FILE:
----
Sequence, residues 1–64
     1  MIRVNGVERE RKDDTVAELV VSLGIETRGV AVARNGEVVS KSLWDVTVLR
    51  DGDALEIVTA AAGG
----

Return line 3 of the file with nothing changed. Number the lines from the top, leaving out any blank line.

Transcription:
    51  DGDALEIVTA AAGG